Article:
Faith-Defend like a Boss: Contra Fry

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Contra Fry: How to effectively defend faith in God {against atheist rants}

Let’s be real: traveling across the landscape of unbelief can be dispiriting.

Apologetics Road TripIt takes endurance to listen to anti-God rants and poor logic; it takes patience to sift through the tangle of assertion, assumption and accusation.

{Sigh.}

Anyone who’s tried to have a reasonable discussion about Christianity knows this painfully well: fielding the same questions over and over can get old fast. Especially when no one is listening. {Why won’t they see??}

bagpipesI have something today that might help: if you’re feeling a bit jaded or you’re discouraged that a lie “gets halfway round the world before the truth can put its shoes on” (as Spurgeon said back in a pre-internet age, even) – I found this refreshing defense of the faith by Scottish apologist, David Robertson.

He’s not at all impressed with the angry atheist rantings of Stephen Fry’s viral video. My spirit was greatly cheered by Robertson’s unapologetic apologetics – I hope yours will be, too.


Robertson is doing more than taking on the latest challenge to faith: he’s modeling how you and I can do it effectively, too. He speaks with the authority of an ambassador who knows he has the full backing of the King of the Cosmos.

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It’s clear from his steady and sober tone that he knows he has a critical message to bring from a holy God to all humans on planet earth. {So do we.} Robertson demonstrates, calmly and confidently, how to deploy the sword of truth to dissect one lie after another. He goes after the faulty logic, ignoring the emotion and rhetoric.

Admittedly, he uses rhetoric of his own – I’d say it’s part of being a skilled apologist – but he still shows concern for the soul of the man who is so proud of his hostility towards the God who made him.


Now, if we could only have pause/play buttons for real time debates…


 


Check out David Robertson’s website and his gotta-have-them-all books here.


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Learn Genesis in 5 minutes!

“The Bible: a profound and very beautiful book…” – Tim Mackie 

Apologetics Road Trip

but it’s also:
– a very looong book
– often confusing
– and just intimidating overall

Today’s Road Trip Discovery, The Bible Project, is here to help.


Premium, free, and accessible
The Bible Project is ambitious: the whole Bible broken down into 5-minute animated videos. Exactly the kind of resource we’re on the road to find: premium, 100% free, and engagingly accessible!

An antidote to Bible illiteracy?
Don’t know about you, but I think that if more people knew what the Bible actually said, they would find answers to a lot of their faith questions. We live in a time of extreme Bible illiteracy – and any resources that can turn that around are worth getting excited about.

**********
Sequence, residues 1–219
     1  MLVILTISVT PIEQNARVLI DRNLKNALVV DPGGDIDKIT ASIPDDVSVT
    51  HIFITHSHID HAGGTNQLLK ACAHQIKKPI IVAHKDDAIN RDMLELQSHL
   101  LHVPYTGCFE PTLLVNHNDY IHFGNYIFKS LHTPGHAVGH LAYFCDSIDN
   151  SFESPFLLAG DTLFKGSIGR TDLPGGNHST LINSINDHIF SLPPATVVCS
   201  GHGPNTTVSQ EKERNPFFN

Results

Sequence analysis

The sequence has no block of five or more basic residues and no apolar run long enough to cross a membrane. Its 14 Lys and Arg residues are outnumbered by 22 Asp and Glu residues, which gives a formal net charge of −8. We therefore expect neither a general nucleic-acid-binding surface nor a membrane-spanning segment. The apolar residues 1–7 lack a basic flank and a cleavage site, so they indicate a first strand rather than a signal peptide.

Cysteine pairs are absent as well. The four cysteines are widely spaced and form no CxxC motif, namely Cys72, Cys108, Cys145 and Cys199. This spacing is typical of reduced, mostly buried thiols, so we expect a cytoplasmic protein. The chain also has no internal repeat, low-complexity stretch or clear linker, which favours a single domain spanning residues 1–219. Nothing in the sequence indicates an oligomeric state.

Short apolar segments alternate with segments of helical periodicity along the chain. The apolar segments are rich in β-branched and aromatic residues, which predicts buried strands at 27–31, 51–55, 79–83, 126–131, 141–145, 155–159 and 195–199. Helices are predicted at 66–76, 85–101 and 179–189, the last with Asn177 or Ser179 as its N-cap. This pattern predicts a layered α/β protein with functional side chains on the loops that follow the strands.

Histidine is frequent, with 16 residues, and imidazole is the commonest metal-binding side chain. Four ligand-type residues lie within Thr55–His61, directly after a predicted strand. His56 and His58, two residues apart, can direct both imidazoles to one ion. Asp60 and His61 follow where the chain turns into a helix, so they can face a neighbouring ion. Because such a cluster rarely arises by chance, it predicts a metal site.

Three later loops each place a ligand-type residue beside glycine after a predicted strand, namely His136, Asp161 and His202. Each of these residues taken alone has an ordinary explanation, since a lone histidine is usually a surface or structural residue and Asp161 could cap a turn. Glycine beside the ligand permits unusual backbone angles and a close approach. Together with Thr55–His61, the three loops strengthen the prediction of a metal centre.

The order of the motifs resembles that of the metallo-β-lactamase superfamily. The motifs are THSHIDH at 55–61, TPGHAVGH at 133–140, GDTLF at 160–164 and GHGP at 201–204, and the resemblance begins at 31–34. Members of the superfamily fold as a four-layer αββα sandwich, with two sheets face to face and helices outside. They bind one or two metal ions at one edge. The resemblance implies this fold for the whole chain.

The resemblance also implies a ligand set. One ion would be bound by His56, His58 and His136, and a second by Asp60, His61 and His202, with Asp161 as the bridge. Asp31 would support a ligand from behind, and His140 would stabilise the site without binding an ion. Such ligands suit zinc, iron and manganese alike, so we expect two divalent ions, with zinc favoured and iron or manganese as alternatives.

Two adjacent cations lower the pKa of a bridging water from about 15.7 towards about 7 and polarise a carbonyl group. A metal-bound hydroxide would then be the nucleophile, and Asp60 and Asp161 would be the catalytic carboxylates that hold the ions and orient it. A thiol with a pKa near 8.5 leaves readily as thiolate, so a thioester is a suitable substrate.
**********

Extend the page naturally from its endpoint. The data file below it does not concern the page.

Talented team
Speaking of which – I’m excited to introduce you today to Tim Mackie, and the rest of the highly qualified, talented creatives of The Bible Project team, Jon CollinsGerry Breshears and (just joined) Jason Brubaker. See the quality of their work for yourself in this animated walk-through of Genesis 1 to 11:


I hope you enjoyed that as much as I did – can’t wait to see the rest of the series! Well, actually – let’s not wait: here’s one more. This one gives an overview of the whole Bible, a walk through of the Messiah from Genesis to Revelation:


Is the Bible really that big of a deal?
In today’s Biblically illiterate world, people not only don’t know the content, but they generally don’t know how the human race came to have the Bible, or its unsurpassed role in history. The Bible makes some extraordinary claims – the most amazing of which is that it claims to be alive!


Bronze Age script? World’s Best-selling Book?
Before we get back on the road (or sneak off to watch more of The Bible Project’s animations), there’s time for just one fact that might suggest there’s something special about the Bible. On its own, it doesn’t prove all that much, but it can’t just be swept aside either. Here it is:

“Although it’s impossible to obtain exact figures, there is little doubt that the Bible is the world’s best-selling and most widely distributed book.”- The Guinness Book of Records.  Some years ago, Russell Ash’s Top 10 of Everything List said that 6 Billion Bibles had been printed – at least six times more than the book in the #2 spot.

Unsurprisingly, skeptics have disputed these numbers or said, “So what?” No time to debate them today, but, down the road, we’ll revisit the issue. I’ll do my best to find the very best answers to questions about the Bible and its unmatched position in human history and in the hearts of millions.

The Bible and you
What about you? What’s your relationship to the Bible – is it a book you love or do you find it strange, difficult or dry? I’d love to hear from you if you can recommend resources that showcase the uniqueness of the Bible. And please let me know what questions the Road Trip should find answers for, either for yourself or people you know!